FORT WORTH, Texas (BP)–While the March 28 tornadoes in Fort Worth missed Southwestern Baptist Theological Seminary by a few miles, the sweeping message that all Christians are called to take the gospel to the nations made a direct hit on campus during Global Missions Week March 27 through 31.
“You are probably very much aware in the last year of the devastating landslides and floods in Middle America and cyclones in Bangladesh and earthquakes in Istanbul and Taiwan,” said Jerry Rankin, president of the Southern Baptist International Mission Board, at a breakfast meeting with faculty March 29 at the Texas seminary.
“One of our objectives for being here is to give the campus exposure to what the mission field is really like,” he continued, “but we did not bring the tornadoes!”
Rankin and other IMB personnel did, however, bring a challenging message communicated through chapel sermons, in-class presentations, seminars, one-on-one meetings and a missions marketplace, which included exhibits from various regions of the world.
“God is moving. He is crumbling walls and opening doors,” Rankin told students during a March 30 chapel service, referring to his recent visit to Cambodia.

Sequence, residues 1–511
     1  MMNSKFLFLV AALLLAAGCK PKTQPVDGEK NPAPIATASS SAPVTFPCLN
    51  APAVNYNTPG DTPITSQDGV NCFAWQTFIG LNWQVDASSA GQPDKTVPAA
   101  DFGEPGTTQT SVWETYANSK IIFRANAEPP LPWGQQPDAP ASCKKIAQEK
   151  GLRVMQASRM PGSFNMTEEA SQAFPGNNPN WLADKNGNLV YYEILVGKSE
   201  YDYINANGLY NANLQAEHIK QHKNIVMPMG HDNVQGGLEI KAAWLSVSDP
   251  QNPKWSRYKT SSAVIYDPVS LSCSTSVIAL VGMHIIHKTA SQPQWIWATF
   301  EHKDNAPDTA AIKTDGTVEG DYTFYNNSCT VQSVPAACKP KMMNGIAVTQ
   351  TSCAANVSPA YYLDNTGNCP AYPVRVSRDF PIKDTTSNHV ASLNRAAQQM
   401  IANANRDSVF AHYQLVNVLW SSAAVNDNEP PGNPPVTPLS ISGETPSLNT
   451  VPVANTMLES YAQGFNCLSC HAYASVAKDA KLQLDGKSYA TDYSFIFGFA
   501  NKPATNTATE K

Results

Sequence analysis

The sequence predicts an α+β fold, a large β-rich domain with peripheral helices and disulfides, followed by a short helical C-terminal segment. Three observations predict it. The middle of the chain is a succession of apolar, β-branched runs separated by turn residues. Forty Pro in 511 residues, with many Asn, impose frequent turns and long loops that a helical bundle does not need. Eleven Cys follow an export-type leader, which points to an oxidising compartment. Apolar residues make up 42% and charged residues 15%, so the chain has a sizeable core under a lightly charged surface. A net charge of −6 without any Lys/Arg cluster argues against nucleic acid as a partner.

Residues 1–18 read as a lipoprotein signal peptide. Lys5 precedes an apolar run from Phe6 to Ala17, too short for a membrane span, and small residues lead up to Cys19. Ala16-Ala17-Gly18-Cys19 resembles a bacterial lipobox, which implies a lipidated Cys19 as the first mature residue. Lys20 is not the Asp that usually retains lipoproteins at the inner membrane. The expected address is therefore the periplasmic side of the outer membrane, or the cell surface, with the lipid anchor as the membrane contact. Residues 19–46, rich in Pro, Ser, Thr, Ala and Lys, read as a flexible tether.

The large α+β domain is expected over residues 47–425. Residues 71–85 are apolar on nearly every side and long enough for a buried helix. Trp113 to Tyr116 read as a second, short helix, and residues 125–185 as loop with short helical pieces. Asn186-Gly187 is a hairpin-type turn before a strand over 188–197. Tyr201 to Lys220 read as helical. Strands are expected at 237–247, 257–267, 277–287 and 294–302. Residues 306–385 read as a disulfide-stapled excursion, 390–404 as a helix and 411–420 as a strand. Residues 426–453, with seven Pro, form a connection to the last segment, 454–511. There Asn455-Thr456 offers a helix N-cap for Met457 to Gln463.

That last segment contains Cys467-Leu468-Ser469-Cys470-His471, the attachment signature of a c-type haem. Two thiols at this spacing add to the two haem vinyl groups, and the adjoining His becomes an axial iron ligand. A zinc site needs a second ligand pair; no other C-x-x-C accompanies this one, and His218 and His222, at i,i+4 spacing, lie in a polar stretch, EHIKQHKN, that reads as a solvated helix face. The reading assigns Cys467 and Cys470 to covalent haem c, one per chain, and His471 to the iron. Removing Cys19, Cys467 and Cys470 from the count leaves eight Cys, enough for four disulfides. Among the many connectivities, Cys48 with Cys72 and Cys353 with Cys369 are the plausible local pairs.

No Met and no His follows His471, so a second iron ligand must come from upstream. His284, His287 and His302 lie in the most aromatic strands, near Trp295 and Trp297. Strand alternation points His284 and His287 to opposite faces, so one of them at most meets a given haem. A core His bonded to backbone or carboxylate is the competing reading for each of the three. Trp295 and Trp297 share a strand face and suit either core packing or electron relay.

Rankin noted that first-century Christians understood they were called by God to be a royal priesthood with the responsibility of proclaiming the gospel to the world.
“It is not only about us and our special relationship with God,” he continued. “Why, then, do only about 5 percent of the students gathered here feel the responsibility to share with the nations?”
While the Southern Baptist mission force will likely reach 5,000 this year after 7 years of record growth, there will still be only one Southern Baptist for every 2.8 million people and there are 1.67 billion people who have not heard the name “Jesus.”